Thanks to on-demand viewership, TV programming honchos really need to come up with something good these days. There are a few gems in this spring’s lineup: a cable drama (The Tudors), a generational comedic spin-off (The Winner) and real (!!) reality television (This American Life). Add already popular programs like Ugly Betty, The Office and Lost to the return of HBO favorites The Sopranos and Entourage, and relaxing on the couch might actually be entertaining, too.
Fox includes The Winner in its Sunday-night post-Simpsons lineup starting March 4. Former Daily Show correspondent Rob Corddry plays Glen Abbott, a now-successful businessman who discovers that Alison McKellar (Erinn Hayes), the only woman he’s ever kissed—a consolation prize after a sucker punch—has moved home next-door to care for her ailing mother. Abbot immediately bonds with her son, Josh McKellar (Keir Gilchrist), simultaneously celebrating and exploiting the notion that men mature at a pathetic pace compared to their female counterparts.
ABC is using its popular Grey’s Anatomy to lead viewers into midseason drama October Road on March 15. Road stars One Tree Hill’s Bryan Greenberg as Nick Garrett, a successful author whose hometown-based novel became a best-seller. When a case of writer’s block consumes him, Garret decides to move back home after a 10-year absence, gets a job at the local university, and finds that his novel has fractured past relationships. Self-absorbed writers all across New York will relate.
After 12 years on public radio, and boasting 1.7 million listeners a week, host Ira Glass—along with indie film producer Christine Vachon (Boys Don’t Cry, Happiness)—adapts the stories of real American experience in a television version of This American Life. A breath of fresh air for “reality television”! It premieres March 22 on Showtime.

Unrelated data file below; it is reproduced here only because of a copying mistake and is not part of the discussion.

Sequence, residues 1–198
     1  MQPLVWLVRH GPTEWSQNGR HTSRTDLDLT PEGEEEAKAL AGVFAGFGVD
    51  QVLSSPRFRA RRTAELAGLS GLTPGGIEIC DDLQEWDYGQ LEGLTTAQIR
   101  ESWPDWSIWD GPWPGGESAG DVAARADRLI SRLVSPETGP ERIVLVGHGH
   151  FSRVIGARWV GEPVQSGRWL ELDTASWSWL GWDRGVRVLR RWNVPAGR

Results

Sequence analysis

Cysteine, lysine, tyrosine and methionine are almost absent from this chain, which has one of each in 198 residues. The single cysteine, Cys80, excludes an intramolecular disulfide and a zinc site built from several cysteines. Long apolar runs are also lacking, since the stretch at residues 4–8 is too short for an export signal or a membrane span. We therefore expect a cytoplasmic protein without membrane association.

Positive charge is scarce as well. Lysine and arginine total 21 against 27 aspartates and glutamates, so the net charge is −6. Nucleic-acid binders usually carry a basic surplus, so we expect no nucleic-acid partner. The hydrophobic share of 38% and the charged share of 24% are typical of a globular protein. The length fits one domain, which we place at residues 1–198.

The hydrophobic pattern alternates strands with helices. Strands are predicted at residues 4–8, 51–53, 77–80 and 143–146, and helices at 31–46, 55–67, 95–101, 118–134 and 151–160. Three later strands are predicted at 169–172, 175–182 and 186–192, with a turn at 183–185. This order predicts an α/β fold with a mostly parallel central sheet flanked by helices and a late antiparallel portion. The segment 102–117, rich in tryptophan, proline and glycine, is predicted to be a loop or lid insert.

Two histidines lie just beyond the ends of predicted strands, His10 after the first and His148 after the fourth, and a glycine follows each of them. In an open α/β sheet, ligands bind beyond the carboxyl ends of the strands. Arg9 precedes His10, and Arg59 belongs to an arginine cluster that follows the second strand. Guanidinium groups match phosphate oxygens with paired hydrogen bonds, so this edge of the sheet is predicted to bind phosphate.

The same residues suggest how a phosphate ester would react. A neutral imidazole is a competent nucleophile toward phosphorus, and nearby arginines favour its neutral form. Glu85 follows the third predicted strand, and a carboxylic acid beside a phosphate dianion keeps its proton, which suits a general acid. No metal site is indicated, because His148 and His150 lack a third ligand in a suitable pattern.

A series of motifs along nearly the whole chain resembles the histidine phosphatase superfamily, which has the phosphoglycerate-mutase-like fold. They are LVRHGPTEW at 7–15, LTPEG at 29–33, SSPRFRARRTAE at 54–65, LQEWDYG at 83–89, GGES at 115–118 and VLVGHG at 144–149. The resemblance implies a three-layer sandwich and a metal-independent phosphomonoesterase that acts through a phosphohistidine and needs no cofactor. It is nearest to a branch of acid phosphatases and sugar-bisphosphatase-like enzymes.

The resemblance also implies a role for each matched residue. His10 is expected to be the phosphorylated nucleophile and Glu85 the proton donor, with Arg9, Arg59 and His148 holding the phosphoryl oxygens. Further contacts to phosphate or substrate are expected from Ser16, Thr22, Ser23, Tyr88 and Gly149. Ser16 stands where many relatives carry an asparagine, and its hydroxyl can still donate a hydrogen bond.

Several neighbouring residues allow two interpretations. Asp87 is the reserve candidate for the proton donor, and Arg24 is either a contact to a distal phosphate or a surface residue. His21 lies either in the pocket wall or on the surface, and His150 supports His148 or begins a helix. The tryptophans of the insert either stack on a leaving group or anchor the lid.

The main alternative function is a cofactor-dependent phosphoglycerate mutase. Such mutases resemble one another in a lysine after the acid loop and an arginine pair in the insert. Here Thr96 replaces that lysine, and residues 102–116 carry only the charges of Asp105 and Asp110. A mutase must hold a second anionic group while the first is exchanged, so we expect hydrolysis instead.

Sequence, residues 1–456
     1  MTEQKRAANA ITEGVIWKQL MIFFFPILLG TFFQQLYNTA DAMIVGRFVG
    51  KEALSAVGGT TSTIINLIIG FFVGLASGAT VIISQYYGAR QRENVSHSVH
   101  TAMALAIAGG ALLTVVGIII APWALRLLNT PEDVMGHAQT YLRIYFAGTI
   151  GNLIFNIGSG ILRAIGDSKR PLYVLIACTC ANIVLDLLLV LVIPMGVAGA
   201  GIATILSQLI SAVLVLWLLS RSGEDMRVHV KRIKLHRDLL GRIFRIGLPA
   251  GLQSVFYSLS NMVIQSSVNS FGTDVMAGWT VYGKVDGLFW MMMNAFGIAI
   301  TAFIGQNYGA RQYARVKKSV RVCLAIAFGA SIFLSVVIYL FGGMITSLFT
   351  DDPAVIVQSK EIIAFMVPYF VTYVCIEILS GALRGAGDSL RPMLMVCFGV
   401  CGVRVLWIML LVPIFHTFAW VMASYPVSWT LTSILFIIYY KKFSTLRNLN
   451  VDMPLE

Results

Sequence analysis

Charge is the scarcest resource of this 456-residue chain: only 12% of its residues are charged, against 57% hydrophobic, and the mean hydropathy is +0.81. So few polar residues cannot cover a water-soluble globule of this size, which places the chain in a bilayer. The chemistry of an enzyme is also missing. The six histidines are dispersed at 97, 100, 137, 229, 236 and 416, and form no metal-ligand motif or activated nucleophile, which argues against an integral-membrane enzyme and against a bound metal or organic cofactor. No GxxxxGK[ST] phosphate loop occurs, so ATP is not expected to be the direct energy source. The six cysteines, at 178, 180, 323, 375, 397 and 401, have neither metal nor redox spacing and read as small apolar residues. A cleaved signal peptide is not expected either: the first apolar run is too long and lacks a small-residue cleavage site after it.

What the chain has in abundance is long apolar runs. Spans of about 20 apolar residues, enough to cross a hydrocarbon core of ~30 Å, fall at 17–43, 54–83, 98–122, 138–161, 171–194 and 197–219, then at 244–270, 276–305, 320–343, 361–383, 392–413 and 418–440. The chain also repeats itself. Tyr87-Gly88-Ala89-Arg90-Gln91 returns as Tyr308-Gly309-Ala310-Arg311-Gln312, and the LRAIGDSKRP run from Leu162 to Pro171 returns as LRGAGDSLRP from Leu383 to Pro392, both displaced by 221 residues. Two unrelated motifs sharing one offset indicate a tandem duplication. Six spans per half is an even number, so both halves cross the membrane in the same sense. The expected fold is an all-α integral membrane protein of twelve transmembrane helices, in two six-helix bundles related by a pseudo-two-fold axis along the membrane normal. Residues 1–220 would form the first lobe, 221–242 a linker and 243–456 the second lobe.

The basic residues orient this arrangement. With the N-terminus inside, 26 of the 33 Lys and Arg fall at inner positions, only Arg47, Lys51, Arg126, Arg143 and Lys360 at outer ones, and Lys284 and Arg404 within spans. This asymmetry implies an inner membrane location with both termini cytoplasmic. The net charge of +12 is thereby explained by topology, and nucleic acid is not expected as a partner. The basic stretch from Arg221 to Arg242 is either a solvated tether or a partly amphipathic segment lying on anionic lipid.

Calling Kevin Bacon …. That show is back! (Pregnant Bridget Moynahan, too!) Yep, the Six Degrees folks are giving it another go. Six Degrees, a Lost-esque drama by the same producers, takes place on the far more populated island of Manhattan and follows the intersecting paths of six characters. Based on a mysterious “theory” about six people, six episodes aired in September to lukewarm reviews. One good thing—the stars sure are hot. Six Degrees returns to ABC on March 23.
Jonathan Rhys-Meyers is leaping into the pool of big-screen actors settling down, temporarily at least, for the small screen. After carefully testing the waters as the King of Rock ’n’ Roll in the Golden Globe–winning miniseries Elvis, Mr. Rhys-Meyers now plays King Henry VIII in the infancy of his 40-year reign. The series chronicles the king’s coquetry with Catherine of Aragon and Anne Boleyn, as well as his relationships with philosopher Sir Thomas More. The Tudors premieres April 1.
On April 8, The Sopranos returns to finish what it started last year, concluding the series with eight final episodes. The first 12 episodes of season six, which premiered on March 12, 2006, found Tony Soprano (James Gandolfini) in a coma after being shot by a delusional Uncle Junior (Dominic Chianese), leaving his capos without a clear successor. When Tony wakes up, the world is even more intolerant of Jersey’s Cosa Nostra. Is this the end of our Tony? Will this season be better than last season? Please, Mr. Chase!
That same night, the Entourage boys return from their vacation to have what would seem to the rest of us like, well, a vacation. As his celebrity stock rises, Vinny (Adrian Grenier) finds that his relationship with agent Ari Gold (Jeremy Piven) has become increasingly tense. Vinny will either stick with his super-agent, or leave him for greener pastures. But could they really get rid of Jeremy Piven? Come on!